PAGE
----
Recovery from an eating disorder is a long and difficult battle. I struggled with anorexia for 5 years starting when I was 10, and letting go of that identity was incredibly difficult. Part of the reason eating disorders are so hard to treat is that recovery is often ambivalence at best — the eating disorder provides an identity, safety, security, an “acceptable” body weight, removal of responsibilities — and that was all hard to let go.

The first few months of recovery, I felt like I was crawling out of my skin. I was so uncomfortable with my body and who I was as a person, and still had to do the thing that I feared most every single day, multiple times per day, and not resort back to any of my old coping behaviors. It was so temping to slip back into old habits (a common theme, as the relapse rate for people with eating disorders is upwards of 80%).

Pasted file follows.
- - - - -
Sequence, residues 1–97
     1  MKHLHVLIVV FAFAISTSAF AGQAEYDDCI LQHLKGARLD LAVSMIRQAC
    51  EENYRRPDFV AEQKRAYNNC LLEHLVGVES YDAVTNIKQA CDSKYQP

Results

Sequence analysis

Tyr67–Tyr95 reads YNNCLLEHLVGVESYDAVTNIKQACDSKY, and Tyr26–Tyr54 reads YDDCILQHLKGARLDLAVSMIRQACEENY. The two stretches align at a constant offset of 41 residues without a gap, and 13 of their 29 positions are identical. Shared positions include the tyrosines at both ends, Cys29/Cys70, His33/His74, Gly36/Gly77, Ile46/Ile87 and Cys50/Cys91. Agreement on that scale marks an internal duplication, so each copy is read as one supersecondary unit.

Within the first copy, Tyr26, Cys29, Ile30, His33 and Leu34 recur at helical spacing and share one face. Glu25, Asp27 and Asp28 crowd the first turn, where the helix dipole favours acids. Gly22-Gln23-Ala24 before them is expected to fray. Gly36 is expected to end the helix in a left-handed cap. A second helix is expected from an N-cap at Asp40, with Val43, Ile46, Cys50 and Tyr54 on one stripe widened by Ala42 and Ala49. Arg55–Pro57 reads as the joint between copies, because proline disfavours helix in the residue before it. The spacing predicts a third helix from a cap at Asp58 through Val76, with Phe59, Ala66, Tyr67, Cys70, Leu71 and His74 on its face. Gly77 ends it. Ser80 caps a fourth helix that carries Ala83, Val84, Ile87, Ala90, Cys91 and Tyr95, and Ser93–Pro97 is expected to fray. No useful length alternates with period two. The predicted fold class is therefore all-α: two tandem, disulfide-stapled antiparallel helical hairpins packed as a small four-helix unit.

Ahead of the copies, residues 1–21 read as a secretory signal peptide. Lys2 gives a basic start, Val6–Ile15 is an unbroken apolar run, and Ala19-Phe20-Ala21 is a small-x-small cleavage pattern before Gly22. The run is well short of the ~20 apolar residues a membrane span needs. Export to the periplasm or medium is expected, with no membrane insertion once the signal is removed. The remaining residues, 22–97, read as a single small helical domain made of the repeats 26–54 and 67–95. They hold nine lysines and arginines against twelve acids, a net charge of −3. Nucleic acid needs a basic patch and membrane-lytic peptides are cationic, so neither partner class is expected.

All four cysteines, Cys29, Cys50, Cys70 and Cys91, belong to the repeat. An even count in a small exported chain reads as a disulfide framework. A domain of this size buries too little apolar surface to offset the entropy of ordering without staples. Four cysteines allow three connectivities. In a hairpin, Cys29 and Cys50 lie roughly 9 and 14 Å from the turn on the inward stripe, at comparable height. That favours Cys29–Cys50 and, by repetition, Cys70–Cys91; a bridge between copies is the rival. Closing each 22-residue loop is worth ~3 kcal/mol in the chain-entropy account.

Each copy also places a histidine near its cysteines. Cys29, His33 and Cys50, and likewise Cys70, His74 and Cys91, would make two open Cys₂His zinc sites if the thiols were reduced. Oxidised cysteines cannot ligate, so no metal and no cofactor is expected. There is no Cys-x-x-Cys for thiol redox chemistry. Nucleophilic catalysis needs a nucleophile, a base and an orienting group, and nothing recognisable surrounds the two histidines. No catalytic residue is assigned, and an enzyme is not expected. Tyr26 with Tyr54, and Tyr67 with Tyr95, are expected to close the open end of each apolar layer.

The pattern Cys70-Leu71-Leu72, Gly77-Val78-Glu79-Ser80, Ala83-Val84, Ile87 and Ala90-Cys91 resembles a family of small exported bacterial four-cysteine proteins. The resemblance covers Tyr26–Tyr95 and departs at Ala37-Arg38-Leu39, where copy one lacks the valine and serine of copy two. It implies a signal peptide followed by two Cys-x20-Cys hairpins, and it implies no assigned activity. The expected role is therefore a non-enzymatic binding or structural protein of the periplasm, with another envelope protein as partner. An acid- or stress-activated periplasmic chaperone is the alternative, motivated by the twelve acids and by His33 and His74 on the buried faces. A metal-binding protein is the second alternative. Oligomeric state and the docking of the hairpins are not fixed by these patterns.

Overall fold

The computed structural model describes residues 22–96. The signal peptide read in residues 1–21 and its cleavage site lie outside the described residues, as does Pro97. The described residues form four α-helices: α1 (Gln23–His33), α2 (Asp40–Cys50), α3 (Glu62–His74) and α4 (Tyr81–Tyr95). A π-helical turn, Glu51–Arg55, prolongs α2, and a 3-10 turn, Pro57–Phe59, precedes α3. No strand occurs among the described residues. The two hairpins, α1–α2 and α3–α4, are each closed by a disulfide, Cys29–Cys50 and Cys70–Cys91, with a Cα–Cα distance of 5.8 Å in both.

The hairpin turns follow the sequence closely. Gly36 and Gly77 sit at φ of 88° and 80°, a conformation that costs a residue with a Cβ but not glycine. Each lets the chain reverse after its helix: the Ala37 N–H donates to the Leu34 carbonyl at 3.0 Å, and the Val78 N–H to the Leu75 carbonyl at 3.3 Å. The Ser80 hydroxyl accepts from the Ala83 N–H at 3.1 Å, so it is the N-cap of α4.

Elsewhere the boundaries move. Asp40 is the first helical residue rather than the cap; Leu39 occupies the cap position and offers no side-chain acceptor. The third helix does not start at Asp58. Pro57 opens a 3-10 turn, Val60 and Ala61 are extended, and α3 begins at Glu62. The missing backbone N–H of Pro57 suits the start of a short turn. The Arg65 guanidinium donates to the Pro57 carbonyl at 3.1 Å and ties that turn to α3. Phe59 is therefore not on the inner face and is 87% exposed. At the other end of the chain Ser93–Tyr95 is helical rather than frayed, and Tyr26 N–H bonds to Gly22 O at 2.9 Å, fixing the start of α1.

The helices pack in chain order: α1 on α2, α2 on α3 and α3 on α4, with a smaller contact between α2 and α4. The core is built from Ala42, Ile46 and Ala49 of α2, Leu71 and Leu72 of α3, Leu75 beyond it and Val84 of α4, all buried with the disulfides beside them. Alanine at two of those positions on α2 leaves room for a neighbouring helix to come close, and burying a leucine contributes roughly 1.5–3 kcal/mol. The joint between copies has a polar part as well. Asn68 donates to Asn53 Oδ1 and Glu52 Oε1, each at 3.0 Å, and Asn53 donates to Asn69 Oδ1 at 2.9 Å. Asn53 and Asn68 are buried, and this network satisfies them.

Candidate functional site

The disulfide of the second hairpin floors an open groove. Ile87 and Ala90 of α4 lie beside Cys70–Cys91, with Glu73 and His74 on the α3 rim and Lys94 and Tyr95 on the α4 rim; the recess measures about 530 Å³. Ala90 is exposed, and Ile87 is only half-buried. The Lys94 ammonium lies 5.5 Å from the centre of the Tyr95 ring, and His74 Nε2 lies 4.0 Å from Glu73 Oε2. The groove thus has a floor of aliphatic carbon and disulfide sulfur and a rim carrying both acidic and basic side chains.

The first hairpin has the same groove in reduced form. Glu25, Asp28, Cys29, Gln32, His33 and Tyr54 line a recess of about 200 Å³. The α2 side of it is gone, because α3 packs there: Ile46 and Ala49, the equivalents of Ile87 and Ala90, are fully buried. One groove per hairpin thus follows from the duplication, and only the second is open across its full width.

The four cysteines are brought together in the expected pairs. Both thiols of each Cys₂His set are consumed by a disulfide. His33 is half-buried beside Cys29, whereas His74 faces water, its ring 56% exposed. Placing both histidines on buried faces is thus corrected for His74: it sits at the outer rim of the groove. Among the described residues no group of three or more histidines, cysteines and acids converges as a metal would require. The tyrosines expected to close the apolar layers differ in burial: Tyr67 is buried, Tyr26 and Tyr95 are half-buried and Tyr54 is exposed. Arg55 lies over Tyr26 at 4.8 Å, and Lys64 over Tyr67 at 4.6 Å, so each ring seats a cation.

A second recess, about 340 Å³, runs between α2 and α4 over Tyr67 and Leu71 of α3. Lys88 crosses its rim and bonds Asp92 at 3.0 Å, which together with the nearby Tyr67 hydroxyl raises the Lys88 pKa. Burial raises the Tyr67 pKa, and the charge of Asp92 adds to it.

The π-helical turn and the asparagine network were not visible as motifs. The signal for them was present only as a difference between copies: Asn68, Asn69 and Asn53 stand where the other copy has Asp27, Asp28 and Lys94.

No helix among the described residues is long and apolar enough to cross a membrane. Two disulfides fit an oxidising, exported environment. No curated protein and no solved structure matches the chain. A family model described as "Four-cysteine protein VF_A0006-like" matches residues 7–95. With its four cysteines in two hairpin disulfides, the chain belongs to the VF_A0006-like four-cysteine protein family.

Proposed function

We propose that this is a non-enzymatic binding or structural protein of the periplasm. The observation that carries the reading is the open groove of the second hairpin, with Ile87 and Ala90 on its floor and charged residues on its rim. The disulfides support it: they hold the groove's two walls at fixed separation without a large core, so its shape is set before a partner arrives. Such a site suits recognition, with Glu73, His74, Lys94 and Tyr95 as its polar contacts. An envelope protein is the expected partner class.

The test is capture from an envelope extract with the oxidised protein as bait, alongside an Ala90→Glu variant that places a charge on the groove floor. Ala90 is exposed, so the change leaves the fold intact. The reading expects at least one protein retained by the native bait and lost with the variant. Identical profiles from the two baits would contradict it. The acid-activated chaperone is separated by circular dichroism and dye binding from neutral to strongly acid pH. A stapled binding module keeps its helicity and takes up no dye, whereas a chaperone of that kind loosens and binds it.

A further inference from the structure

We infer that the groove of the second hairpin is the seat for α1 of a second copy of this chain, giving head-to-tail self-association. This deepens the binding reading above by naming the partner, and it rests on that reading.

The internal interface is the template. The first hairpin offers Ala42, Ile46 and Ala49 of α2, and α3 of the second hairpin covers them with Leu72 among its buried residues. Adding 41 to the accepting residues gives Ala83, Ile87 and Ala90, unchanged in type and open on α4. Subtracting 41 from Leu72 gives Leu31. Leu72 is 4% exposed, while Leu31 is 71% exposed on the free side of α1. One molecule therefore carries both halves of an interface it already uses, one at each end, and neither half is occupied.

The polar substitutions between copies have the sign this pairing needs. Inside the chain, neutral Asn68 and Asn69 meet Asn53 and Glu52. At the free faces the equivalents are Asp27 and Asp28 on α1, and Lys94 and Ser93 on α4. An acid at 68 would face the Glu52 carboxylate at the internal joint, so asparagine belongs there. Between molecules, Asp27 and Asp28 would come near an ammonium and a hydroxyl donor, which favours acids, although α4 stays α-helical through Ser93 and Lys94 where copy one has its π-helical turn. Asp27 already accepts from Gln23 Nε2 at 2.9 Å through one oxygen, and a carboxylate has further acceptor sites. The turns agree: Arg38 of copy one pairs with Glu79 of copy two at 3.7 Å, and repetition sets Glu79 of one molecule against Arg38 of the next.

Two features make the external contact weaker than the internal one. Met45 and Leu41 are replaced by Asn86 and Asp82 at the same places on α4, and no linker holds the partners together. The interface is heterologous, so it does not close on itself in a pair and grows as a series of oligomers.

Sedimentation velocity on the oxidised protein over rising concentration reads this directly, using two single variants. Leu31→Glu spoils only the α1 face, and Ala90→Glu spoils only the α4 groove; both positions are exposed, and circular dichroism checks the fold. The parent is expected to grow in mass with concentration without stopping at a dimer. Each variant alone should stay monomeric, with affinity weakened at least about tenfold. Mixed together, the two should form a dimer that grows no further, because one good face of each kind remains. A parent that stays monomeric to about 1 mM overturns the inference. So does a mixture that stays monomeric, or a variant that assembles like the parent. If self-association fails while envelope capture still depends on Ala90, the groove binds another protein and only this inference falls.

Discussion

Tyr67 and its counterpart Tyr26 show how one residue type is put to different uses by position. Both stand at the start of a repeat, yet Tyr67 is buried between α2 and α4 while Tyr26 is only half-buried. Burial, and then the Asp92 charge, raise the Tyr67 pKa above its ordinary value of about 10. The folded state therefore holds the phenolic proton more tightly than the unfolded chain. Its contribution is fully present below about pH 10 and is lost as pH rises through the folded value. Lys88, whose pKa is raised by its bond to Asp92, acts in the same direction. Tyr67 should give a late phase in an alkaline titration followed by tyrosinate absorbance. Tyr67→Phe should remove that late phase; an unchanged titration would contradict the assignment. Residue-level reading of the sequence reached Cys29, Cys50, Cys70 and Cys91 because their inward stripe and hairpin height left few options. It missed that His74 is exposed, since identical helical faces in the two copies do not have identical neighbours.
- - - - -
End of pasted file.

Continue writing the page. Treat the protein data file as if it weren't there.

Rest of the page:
For all these reasons, having a strong support system is so important in this process. Having loving family, friends, and role models by your side, pushing you forward, giving you a shoulder to cry on, and never giving up on you no matter how many times you slip, makes all the difference.

In honor of National Eating Disorder Awareness Week, February 26- March 4th, Project HEAL and The National Eating Disorder Association have teamed up for a new campaign, Recovery Heroes, to honor our loyal supporters who make recovery possible.

To get involved, post a picture or video of yourself and your hero on Instagram with a caption talking about how they helped you on your journey using the #RecoveryHeroes and #NEDAwareness hashtags.

Originally published at